News center
We cater to custom orders with pleasure

5 Logical, But Wildly Unjust Rules

Dec 24, 2023

Well, congratulations, you criminal. The moment you bring a single sled dog onto the continent of Antarctica, you’ve broken the law. The first people to explore the continent made use of them, but they had the advantage of doing so before any scientists panicked about them ruining all that pristine nature. Up until fairly recently, they were a central part of any activity on the continent, but in 1993 they were banned because of worries about them transmitting diseases like the thoroughly old-timey sounding "canine distemper" to native wildlife, like seals.


In terms of pure, warm, comfort from a food, bread is pretty high on the list. Nothing but pure, unadulterated carbohydrates, it's like building a nourishing, cozy log cabin inside your tum-tum. Upgrade to something like a croissant or a fluffy biscuit, and man, you’ve got something that could probably give you a couple seconds of peace during an active plane crash. Now, I understand that some people have gluten intolerance, or the real version of that, celiac disease, and to them I say: We get it, nerd! Enjoy your lettuce-wrapped burgers and brownies made out of dry chocolate dust held together by the baker's sheer will.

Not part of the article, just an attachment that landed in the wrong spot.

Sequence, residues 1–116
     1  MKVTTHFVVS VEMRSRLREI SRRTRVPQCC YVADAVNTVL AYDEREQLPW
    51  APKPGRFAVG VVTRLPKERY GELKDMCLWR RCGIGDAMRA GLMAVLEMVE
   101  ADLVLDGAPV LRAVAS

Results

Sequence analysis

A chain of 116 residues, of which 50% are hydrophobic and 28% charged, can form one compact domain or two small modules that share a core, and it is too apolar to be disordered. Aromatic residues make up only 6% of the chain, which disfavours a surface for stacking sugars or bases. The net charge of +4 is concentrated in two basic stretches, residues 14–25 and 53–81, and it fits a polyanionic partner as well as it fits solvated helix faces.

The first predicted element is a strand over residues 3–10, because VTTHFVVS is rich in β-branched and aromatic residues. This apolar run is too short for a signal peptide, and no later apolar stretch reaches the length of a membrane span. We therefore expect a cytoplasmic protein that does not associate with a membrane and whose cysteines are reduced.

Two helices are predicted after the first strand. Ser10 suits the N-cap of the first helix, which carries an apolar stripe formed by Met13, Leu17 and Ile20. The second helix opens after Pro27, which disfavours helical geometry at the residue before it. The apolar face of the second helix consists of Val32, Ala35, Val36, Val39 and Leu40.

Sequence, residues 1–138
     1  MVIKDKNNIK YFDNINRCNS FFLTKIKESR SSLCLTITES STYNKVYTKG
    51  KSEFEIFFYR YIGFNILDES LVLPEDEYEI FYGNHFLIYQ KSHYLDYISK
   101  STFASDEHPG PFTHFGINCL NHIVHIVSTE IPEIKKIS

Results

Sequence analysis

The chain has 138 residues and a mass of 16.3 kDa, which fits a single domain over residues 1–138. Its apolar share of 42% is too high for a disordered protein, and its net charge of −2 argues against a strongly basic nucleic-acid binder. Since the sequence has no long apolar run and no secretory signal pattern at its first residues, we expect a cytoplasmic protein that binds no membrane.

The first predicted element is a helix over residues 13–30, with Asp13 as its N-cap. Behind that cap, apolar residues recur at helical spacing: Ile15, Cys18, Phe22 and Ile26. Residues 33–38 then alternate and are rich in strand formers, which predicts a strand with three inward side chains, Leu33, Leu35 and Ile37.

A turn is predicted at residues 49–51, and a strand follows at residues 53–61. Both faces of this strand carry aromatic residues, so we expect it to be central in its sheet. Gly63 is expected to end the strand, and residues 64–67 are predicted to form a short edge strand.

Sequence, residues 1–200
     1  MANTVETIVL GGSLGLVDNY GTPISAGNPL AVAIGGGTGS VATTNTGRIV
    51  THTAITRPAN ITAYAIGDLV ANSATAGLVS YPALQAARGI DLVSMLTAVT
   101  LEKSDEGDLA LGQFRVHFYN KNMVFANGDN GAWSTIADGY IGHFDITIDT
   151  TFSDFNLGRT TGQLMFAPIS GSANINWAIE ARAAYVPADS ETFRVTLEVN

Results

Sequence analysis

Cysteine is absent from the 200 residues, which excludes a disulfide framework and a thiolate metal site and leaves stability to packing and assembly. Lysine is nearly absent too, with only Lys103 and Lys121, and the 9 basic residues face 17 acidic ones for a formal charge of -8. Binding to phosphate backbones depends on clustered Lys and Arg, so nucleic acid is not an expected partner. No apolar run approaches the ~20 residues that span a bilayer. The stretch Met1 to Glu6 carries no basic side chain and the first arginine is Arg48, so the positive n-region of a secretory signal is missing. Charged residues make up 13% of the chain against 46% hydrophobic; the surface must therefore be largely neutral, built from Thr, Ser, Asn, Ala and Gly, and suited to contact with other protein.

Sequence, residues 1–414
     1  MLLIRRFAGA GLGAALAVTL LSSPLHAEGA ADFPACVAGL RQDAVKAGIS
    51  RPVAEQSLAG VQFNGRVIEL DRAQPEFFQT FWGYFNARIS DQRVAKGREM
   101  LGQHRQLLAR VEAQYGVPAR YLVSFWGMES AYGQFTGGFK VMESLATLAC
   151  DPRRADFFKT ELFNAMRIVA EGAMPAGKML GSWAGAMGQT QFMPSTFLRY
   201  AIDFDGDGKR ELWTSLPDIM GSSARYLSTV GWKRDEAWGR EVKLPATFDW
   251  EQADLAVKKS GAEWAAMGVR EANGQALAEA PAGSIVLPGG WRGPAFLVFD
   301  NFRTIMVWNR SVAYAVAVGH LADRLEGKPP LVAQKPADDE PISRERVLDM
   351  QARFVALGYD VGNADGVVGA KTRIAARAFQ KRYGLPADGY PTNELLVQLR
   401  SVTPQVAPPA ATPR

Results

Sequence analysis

If you’re off to space as an astronaut, though, despite heading into a high-stress environment and situation, you won't be able to rely on the airy, stretchy internal hug of a tasty sandwich or pastry to calm you. That's because bread in most forms is banned on NASA spacecraft. As for the reason why, just think back to the state of your jeans after your last croissant. Eating bread rates pretty high on the crumb-generation scale. It's no Nature Valley granola bar, but each bite definitely looses a miniature squadron of bready bits that, in zero-G, are now off on a singular mission to start a small electrical fire.